Review of First we eat: Food sovereignty north of 60
Keywords:Susanne Crocker, First We Eat, community food connections, food literacy, self-sufficiency, neoliberal food system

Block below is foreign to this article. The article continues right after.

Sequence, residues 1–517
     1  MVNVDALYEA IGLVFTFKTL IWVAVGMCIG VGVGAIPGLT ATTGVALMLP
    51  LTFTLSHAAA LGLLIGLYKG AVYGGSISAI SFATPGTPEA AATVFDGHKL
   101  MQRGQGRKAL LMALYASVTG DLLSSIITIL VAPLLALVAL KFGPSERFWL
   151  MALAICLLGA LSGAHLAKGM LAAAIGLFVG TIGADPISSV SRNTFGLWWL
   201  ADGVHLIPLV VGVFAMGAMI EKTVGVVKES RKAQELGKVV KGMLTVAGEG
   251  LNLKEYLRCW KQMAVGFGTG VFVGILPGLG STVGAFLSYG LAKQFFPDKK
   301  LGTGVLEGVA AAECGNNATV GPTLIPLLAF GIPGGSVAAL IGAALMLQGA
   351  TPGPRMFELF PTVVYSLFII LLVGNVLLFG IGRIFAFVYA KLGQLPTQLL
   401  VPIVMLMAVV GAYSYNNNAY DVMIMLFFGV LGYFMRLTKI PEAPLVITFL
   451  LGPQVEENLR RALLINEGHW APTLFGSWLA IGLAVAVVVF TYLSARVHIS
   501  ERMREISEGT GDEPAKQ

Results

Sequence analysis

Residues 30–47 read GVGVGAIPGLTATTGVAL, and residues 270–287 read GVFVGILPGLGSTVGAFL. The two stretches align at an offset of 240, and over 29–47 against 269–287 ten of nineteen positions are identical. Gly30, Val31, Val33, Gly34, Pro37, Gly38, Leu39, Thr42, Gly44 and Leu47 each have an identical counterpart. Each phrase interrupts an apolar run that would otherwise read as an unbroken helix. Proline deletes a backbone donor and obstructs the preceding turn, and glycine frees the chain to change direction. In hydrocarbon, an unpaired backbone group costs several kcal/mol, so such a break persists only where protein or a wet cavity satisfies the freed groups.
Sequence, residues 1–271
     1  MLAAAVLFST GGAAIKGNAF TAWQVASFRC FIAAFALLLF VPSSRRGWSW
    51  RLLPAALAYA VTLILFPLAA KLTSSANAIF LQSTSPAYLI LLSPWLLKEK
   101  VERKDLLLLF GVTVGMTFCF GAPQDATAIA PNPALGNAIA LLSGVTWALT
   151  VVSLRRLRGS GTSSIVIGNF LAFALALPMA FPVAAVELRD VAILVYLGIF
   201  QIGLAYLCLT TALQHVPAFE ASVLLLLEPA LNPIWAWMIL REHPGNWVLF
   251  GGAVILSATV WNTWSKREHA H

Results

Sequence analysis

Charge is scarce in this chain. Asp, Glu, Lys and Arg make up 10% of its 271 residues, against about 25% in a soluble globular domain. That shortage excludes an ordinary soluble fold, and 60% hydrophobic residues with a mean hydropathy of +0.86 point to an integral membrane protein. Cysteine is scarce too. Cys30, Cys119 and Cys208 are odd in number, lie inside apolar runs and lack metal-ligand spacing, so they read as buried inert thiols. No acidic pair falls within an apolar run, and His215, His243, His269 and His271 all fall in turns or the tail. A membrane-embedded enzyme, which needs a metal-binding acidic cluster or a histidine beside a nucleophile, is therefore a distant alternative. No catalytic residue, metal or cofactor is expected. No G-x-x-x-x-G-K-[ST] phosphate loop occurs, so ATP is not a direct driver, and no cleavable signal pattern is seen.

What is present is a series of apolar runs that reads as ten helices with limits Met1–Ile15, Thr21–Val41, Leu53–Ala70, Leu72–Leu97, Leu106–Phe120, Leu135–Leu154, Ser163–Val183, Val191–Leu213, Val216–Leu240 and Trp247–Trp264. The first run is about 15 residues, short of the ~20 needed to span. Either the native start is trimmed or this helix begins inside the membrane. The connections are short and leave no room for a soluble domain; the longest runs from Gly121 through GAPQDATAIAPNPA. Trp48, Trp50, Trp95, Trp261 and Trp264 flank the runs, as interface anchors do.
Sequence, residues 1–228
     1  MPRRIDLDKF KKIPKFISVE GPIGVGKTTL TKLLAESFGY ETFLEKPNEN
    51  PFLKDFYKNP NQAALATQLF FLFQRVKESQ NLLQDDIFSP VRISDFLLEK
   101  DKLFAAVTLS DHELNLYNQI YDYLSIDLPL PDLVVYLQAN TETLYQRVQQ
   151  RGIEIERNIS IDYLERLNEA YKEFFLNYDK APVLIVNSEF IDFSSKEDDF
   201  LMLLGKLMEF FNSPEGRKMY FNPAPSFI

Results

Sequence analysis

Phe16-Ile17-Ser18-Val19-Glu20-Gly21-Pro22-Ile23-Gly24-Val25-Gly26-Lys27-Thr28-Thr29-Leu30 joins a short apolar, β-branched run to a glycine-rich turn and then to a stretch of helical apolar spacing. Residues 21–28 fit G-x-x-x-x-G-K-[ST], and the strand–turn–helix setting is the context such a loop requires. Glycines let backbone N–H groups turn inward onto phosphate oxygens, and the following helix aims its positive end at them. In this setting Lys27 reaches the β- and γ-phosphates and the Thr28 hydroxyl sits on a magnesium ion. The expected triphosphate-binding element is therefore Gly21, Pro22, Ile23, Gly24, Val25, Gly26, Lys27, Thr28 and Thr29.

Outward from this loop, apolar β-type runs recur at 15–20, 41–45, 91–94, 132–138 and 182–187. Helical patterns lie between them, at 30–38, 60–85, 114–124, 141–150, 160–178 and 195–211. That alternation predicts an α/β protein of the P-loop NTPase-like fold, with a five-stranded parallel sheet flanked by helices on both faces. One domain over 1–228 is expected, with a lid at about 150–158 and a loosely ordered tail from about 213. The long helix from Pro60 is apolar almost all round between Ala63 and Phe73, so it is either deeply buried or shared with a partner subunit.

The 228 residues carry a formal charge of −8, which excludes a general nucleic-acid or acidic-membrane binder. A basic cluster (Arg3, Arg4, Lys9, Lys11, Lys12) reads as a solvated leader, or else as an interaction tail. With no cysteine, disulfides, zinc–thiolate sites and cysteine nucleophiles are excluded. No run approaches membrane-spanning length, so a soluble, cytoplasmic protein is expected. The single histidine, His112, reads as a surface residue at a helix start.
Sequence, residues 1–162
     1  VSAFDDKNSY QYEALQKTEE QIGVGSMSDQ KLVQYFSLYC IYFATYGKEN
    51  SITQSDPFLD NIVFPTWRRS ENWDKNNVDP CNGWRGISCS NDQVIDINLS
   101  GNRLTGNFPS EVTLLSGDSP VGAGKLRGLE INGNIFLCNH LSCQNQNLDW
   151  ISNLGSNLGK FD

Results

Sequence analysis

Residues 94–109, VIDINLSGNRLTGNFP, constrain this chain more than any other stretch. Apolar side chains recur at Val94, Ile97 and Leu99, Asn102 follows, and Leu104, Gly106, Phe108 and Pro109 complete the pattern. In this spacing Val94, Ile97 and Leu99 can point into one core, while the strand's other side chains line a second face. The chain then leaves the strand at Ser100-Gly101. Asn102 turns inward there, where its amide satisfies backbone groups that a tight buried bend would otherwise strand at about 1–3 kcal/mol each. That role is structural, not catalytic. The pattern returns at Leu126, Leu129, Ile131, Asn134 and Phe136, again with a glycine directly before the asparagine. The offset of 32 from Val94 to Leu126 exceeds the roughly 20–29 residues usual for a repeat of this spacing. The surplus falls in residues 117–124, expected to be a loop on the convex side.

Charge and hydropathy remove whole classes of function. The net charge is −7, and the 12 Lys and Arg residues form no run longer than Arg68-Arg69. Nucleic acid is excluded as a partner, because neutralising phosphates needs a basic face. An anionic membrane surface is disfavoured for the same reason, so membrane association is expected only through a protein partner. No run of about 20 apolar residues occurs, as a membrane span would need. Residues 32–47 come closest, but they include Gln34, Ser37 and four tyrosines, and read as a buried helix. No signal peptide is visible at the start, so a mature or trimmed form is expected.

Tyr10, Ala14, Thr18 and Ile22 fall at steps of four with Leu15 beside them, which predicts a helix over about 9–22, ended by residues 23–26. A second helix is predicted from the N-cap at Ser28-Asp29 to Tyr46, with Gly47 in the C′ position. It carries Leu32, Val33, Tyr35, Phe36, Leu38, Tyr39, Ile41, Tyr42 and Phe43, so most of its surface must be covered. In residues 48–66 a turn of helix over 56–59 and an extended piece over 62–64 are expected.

Suzanne Crocker’s 2020 film First we eat documents her and her family’s efforts to spend an entire year eating only food that can be grown, gathered, and hunted around Dawson City, Yukon, in the traditional territory of the Tr’ondëk Hwëch’in. Living 300 km south of the Arctic Circle, Crocker’s experiment was spurred by a landslide that disrupted the supply of imported foods into the territory, serving as a wake-up call to food system vulnerability, including increasing and unpredictable climate impacts. First we eat offers an educational glimpse into local northern food systems and food sovereignty that generates reflection on the importance of connecting and learning through communal food networks. In addition to community food connections, the food literacy, self-sufficiency, creativity, change, and challenge involved in eating locally for one year reflect the disconnect between consumers, producers, and land in contemporary food systems. The Crocker family learns a great deal about food harvesting, production, processing, and storage, much of which reflects the knowledge embedded in local and Indigenous food practices. First we eat serves as a starting point for discussions about food security, localizing food systems, and food sovereignty, as well as critical reflection on how Indigenous land, food sovereignty, and knowledge are central to these discussions. Crocker’s ambition to eat entirely locally for one year inspires reconnection with food, land, and community, encouraging viewers to explore how they might become more engaged with their local food system.
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